IEA calls for 9p flat rate of tax on alcohol to fix illogical system
- Excessive drinking creates costs to public services which the government can recoup through alcohol taxes, thereby making drinkers internalise the costs. However, in Britain, the alcohol duty regime is excessive and illogical. Not only do revenues from alcohol duty far exceed the costs to public services, but units of alcohol are taxed at dramatically different rates depending on what type of drink they are in. The tax on a unit of alcohol ranges from 7p to 34p.
- A flat rate of 9p on every unit of alcohol sold would raise approximately £4.6 billion (at current rates of consumption), totally off-setting the external costs of drinking to public services. Alcohol would continue to earn the government additional revenue in the form of VAT on the product, VAT on the duty, and other taxation on the alcohol and hospitality industry.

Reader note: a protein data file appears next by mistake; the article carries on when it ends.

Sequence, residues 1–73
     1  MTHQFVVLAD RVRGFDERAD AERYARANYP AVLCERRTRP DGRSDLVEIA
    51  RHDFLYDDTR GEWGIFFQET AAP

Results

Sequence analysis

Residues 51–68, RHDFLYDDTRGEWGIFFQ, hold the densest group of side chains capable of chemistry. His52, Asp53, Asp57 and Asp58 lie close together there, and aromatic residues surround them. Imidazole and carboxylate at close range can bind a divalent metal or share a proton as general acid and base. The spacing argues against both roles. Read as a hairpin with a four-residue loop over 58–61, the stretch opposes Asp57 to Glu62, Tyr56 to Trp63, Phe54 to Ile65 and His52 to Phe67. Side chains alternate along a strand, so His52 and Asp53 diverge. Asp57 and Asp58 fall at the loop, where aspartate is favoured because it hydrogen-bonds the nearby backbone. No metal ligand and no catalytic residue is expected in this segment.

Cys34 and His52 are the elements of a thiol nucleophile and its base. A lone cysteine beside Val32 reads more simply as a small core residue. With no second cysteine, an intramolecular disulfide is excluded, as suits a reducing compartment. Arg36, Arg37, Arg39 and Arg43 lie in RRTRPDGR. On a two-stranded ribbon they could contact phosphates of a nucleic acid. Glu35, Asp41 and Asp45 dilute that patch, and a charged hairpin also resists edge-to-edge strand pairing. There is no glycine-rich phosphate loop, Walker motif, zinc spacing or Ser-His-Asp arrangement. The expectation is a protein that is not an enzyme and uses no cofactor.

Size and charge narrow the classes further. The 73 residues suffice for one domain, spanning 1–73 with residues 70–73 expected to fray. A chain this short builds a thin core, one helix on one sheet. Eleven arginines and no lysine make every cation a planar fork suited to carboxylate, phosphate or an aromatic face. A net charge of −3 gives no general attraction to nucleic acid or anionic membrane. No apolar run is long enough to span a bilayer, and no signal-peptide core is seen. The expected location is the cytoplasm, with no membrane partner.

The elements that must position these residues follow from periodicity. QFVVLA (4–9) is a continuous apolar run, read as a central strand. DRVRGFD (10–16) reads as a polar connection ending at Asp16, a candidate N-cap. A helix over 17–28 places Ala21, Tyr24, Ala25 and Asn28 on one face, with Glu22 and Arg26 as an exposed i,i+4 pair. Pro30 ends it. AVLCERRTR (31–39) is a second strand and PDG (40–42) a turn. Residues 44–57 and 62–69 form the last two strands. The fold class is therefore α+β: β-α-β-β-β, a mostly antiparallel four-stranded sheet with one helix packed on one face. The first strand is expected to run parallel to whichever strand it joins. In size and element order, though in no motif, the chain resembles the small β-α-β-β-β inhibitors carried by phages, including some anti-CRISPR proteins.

- A 9p/unit tax would pay for all the costs incurred to public services by alcohol abuse and would incentivise the development of lower strength drinks across the board. It would also effectively create a minimum unit price of 11p (inlcuding VAT on the duty). Alcohol duty evasion, currently valued at £1.8 billion per annum, would likely fall as a result of the lower price of beer, wine and spirits.
- A 9p/unit tax would ensure that alcohol duty is a tax on alcohol, not an arbitrary tax on fluids. EU regulation currently prohibits this system of alcohol taxation. Outside of the EU, Britain will no longer be constrained.
Author Chris Snowdon wrote for The Telegraph following the release of this report.